by Dave Umbricht
Ok hot shots, great work in last week’s exercise. I particularly loved Ian’s chain which used Sibling Rivalry and Runaway. Not only did he get there quick, but he used two movies that are definitely forgotten flix. I also want to thank Nathan for pointing out the little known fact that Dennis Haysbert was typecast as a baseball player years before he became President (or sold me auto insurance).
While everyone did well, I feel some of you are getting a bit cocky. Mags called it “simples”, which felt like she was buzzing the tower. So in honor of my coffee being spilled as she flew by at Mach 2, let us celebrate the 80’s flyboys and connect:
Jason Gedrick to Tom Cruise
Ahhh but before you yell simple again, I know they were in Born on the Fourth of July together (and according to IMDB Gedrick had an uncredited role in Risky Business). So, you are not allowed to use that movie, or any other Oliver Stone film. You know what? You can’t use any actor who has ever been in an Oliver Stone movie.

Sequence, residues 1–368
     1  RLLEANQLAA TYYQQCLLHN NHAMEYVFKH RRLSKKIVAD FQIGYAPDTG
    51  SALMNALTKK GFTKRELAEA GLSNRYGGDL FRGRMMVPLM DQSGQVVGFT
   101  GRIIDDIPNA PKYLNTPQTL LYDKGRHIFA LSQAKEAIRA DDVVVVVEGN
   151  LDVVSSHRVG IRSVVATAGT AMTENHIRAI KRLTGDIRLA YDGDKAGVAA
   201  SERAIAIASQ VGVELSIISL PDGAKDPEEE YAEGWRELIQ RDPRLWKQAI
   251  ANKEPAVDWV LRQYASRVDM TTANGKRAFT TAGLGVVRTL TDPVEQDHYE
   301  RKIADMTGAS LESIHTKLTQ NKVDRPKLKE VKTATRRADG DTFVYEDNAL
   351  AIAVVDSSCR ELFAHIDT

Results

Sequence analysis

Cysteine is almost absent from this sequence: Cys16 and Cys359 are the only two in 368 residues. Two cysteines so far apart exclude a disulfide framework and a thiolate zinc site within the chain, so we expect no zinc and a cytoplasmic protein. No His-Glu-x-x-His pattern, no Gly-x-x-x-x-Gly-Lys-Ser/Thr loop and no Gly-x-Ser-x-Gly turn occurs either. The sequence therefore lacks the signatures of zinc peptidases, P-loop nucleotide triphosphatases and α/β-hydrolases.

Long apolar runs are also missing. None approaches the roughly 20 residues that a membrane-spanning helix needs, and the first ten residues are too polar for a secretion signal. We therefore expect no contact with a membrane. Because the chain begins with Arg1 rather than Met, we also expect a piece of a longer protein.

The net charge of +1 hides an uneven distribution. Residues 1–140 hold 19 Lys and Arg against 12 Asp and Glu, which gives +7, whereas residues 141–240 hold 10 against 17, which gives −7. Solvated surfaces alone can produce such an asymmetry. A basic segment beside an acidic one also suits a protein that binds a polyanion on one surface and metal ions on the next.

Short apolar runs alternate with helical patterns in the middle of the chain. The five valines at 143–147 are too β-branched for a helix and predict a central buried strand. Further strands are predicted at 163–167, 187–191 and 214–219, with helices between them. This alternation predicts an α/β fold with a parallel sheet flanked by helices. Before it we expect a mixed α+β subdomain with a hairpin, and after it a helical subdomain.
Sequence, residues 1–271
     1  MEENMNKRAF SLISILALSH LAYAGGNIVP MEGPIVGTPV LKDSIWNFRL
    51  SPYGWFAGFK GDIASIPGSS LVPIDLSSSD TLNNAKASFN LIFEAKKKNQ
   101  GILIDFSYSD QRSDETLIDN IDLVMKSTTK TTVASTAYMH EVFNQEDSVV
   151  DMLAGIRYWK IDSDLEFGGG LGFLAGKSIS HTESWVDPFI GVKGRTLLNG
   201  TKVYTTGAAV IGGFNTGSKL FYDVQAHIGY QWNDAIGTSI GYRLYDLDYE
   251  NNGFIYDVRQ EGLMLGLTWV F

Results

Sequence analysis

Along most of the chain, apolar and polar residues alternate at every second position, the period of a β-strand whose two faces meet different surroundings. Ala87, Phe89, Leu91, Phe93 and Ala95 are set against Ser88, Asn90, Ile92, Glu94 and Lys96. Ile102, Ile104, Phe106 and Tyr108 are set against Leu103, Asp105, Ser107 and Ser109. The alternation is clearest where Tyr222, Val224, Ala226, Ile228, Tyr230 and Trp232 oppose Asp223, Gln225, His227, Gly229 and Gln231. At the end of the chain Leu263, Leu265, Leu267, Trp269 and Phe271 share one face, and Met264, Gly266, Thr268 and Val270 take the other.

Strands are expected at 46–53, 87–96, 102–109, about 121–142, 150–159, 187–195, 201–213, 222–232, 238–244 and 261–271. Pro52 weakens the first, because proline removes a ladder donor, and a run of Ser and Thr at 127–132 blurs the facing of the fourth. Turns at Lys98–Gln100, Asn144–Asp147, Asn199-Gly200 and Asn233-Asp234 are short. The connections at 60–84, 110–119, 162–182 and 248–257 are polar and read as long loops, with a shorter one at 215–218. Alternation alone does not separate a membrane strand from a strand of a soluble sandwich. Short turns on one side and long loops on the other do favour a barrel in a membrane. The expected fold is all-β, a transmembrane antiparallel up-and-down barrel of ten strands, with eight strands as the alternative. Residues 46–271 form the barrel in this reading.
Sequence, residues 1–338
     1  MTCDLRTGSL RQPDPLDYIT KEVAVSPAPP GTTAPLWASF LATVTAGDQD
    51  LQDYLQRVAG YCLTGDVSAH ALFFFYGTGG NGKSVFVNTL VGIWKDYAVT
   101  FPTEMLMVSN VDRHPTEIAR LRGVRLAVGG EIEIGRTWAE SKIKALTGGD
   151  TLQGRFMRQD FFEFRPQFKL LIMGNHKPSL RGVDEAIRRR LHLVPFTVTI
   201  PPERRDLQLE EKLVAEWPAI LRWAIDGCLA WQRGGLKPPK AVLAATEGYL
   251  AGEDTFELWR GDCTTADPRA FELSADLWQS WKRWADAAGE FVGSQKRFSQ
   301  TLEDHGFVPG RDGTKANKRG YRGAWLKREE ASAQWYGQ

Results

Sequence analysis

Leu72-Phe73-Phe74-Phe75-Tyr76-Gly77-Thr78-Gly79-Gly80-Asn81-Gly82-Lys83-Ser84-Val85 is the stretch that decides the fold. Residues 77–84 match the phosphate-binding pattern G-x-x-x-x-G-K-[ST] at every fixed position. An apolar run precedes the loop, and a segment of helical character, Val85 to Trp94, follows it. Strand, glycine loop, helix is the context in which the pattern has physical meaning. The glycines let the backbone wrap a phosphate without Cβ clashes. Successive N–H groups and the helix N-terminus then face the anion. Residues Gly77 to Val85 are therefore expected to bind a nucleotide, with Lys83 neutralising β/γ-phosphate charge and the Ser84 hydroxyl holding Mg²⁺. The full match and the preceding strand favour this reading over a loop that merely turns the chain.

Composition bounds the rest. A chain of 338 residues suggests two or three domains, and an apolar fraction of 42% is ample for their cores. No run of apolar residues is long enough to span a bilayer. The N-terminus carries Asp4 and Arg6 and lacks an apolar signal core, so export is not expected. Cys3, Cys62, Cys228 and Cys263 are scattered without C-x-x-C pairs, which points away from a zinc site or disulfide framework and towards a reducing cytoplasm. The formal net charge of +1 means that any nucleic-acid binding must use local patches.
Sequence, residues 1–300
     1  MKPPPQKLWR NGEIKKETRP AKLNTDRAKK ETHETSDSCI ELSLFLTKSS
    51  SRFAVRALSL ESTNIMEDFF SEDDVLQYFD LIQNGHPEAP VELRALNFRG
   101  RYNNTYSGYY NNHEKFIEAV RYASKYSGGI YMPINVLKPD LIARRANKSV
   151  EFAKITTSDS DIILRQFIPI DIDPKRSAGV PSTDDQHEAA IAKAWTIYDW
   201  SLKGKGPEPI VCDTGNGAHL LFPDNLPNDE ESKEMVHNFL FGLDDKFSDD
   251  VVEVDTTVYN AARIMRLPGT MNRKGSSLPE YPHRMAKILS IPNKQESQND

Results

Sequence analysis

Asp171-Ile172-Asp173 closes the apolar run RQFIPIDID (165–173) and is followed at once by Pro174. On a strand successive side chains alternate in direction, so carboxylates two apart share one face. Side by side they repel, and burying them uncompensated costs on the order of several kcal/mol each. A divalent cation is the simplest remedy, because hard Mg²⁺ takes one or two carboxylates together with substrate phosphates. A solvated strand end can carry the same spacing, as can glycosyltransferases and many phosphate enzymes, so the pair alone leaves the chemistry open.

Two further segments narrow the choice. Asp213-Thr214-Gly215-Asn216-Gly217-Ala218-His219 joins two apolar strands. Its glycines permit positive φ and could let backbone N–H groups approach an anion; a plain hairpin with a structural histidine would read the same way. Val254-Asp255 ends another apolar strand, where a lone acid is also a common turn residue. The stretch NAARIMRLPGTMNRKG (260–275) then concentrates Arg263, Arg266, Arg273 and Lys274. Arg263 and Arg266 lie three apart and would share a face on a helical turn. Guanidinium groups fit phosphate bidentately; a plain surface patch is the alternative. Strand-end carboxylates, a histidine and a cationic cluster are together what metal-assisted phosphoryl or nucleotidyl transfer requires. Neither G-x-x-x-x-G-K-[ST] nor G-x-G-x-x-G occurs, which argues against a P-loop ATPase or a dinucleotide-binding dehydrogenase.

Bonus points for using Liz Taylor as one of your links.
C’mon, I dare you to buzz the tower again.
For a reminder of the rules of the game click here. And remember to post you answers in the comments section!
Dave Umbricht loves his family, movies and the NBA (in that order). His unexplainable, genetic attraction to movies flourished in the early ’80s thanks to Siskel and Ebert. It’s also believed Dave was the only 8-year-old to know of My Dinner with Andre, even though he didn’t see it until he was 28. In the ’90s he wrote three awful screenplays, including next summer’s Cowboys and Aliens (or at least a script with the same title). He still can’t dunk a basketball.
Or follow him on Twitter here (@dumbricht).Share
About Dave Umbricht
Dave Umbricht is a self proclaimed "guy who knows a couple of things". However, he has never claimed to know them well. Genetically predisposed to love movies, at age ten he felt really cool being the only fourth grader who knew of the film "My Dinner with Andre", thanks to Siskel & Ebert. For the next twenty years he pretended to have seen the movie until he finally watched it at age 28 and understood what all the fuss was about. He attempted to watch all of the films on Ebert's Great Movies list by age 40. He failed.
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